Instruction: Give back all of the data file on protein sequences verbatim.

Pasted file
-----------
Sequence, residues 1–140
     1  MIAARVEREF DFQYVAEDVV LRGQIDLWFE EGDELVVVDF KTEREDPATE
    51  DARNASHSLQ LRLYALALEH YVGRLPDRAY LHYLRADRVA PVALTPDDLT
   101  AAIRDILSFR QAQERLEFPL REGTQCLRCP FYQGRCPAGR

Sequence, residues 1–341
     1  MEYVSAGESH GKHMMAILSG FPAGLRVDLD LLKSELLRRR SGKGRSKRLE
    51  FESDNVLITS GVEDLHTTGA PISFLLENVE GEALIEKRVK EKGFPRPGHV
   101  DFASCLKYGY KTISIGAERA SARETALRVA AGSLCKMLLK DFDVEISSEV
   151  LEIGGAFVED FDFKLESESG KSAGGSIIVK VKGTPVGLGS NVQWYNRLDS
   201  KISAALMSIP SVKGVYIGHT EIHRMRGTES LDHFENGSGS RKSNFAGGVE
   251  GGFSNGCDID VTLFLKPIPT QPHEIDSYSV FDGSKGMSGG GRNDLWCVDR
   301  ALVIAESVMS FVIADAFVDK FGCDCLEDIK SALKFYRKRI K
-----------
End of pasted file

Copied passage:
Sequence, residues 1–140
     1  MIAARVEREF DFQYVAEDVV LRGQIDLWFE EGDELVVVDF KTEREDPATE
    51  DARNASHSLQ LRLYALALEH YVGRLPDRAY LHYLRADRVA PVALTPDDLT
   101  AAIRDILSFR QAQERLEFPL REGTQCLRCP FYQGRCPAGR

Sequence, residues 1–341
     1  MEYVSAGESH GKHMMAILSG FPAGLRVDLD LLKSELLRRR SGKGRSKRLE
    51  FESDNVLITS GVEDLHTTGA PISFLLENVE GEALIEKRVK EKGFPRPGHV
   101  DFASCLKYGY KTISIGAERA SARETALRVA AGSLCKMLLK DFDVEISSEV
   151  LEIGGAFVED FDFKLESESG KSAGGSIIVK VKGTPVGLGS NVQWYNRLDS
   201  KISAALMSIP SVKGVYIGHT EIHRMRGTES LDHFENGSGS RKSNFAGGVE
   251  GGFSNGCDID VTLFLKPIPT QPHEIDSYSV FDGSKGMSGG GRNDLWCVDR
   301  ALVIAESVMS FVIADAFVDK FGCDCLEDIK SALKFYRKRI K